Dr. Rajan Ambat is currently Professor of Corrosion and Surface Engineering at Section of Materials and Surface Engineering at DTU Construct (Technical University of Denmark). He is also the Manager for the CELCORR/CreCon Industrial Consortium on climatic reliability of electronics at DTU and Research Manager for the Corrosion activities at DTU Offshore Technology Center. He has more than 15 years of research expertise in microstructure and corrosion of light aluminium alloys, corrosion of materials related to O&G and CO2 storage, and climatic reliability of electronics. He is the Chairman for the Working Party on Corrosion reliability of electronic devices under European Federation of Corrosion and Board member, IMAPS Nordic, Europe. He has published extensively in a wide variety of topic connected to materials and corrosion issues and climatic reliability of electronics and a book entitled “Humidity and Electronics: Corrosion reliability issues and preventive measures”. Further more is Rajan part of the editorial board of many corrosion journals.
13:50 - 14:20
Protection of electronics from climate for sustainable performance

Rajan Ambat, Professor, DTU Construct

Efficient power electronics is key to all tehnological sectors today as part of renewable energy, E-mobility, and information technology. Wide spread use of electronic systems leads exposure to varying humidity and temperature conditions. Regional variation of climatic conditions can cause uncontrolled local variation of humidity inside the device. Humidity variation together with number of other factors including the presence of hygroscopic residues on the Printed Circuit Board Assembly (PCBA) can cause permanent and intermittant failures modes.  Miniaturization for high density board is another factor contributing to this effect. Therefore it is important to protect electronics from climatic effect for efficient use. This talk will explain various protective measures that can be employed for providng sustainable performance.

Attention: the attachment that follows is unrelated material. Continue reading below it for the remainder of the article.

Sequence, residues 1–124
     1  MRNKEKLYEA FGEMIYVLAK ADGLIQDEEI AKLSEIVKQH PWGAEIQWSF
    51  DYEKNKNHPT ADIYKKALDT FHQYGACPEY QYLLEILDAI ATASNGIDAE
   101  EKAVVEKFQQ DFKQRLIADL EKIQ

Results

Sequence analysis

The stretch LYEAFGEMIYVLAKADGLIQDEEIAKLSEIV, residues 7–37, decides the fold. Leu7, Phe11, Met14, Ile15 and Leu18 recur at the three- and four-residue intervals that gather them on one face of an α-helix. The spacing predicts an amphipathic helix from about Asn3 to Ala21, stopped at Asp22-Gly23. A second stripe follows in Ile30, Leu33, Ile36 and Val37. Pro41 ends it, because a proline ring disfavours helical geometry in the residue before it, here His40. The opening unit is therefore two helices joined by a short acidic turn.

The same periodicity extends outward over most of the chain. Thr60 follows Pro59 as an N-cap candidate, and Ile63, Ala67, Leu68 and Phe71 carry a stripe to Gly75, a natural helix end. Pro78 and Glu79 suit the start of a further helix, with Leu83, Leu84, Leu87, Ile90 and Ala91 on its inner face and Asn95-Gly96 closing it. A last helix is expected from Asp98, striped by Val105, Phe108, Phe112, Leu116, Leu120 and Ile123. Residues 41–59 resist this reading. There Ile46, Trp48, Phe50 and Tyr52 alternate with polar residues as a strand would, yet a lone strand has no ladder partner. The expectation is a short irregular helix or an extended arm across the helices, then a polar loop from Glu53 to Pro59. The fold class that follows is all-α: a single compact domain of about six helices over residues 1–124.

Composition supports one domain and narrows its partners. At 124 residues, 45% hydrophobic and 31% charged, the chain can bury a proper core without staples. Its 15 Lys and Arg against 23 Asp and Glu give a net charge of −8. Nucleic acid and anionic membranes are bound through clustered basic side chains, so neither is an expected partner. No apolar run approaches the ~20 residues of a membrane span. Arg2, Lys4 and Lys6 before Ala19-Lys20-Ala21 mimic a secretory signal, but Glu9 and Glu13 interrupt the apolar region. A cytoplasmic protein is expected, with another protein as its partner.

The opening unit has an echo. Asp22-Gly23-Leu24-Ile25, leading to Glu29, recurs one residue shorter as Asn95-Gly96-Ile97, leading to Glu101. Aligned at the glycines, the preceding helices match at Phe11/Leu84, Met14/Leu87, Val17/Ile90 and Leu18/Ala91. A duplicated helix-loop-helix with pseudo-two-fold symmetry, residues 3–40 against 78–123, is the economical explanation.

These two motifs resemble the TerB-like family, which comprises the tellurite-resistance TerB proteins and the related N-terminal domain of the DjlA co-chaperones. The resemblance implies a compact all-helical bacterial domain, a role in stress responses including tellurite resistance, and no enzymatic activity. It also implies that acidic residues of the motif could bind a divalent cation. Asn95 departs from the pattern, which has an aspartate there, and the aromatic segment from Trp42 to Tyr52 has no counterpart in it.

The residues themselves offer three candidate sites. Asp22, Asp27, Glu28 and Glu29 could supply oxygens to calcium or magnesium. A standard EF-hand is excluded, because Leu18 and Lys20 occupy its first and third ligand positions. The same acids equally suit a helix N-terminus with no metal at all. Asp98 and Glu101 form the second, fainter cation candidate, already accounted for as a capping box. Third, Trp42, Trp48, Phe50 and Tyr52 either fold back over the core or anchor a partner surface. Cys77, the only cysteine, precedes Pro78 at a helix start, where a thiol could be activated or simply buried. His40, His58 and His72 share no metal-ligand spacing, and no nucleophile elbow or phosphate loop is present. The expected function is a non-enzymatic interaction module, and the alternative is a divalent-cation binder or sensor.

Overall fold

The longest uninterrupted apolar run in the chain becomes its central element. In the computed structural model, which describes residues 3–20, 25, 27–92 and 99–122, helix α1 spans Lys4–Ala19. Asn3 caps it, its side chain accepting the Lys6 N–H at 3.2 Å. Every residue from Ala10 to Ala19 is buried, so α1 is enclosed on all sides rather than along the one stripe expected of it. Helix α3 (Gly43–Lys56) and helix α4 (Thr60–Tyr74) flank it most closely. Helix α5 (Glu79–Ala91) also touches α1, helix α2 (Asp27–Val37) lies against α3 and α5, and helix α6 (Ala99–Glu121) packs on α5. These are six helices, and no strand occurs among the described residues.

14:20 - 14:55
Sustainability through remote corrosion monitoring

Lisbeth Rischel Hilbert, COO, MetriCorr

The rapid transformation and optimization of the energy sector increase the complexity for prediction of corrosion effects. A powerful tool to restore control is monitoring of the actual performance, learning from data and thereby optimizing constructions and corrosion protection. The use of real time, remote monitoring of corrosion protection performance is a digitalized approach with a sustainable impact. For critical infrastructure difficult to access, such as buried gas transmission pipelines and offshore wind foundations, reliable data are obtained with less transport emissions, safer working conditions, and with the documentation needed to finetune the corrosion protection and reduce the use of resources instead of holding on to overconservative designs. Valid data is a key enabler for sustainable decisions.

Lisbeth Rischel Hilbert joined MetriCorr in 2022 as COO with responsibility for sustainable business and organizational development. She has a M.Sc. from DTU and a PhD in monitoring corrosion. Lisbeth has worked within the field of corrosion for 25 years in research, consultancy and management roles.
14:55 - 15:15
Coffee and networking break
15:15 - 15:50
Sustainable corrosion protection in the offshore wind industry

Anders Rosborg Black, Senior Corrosion Engineer, Ørsted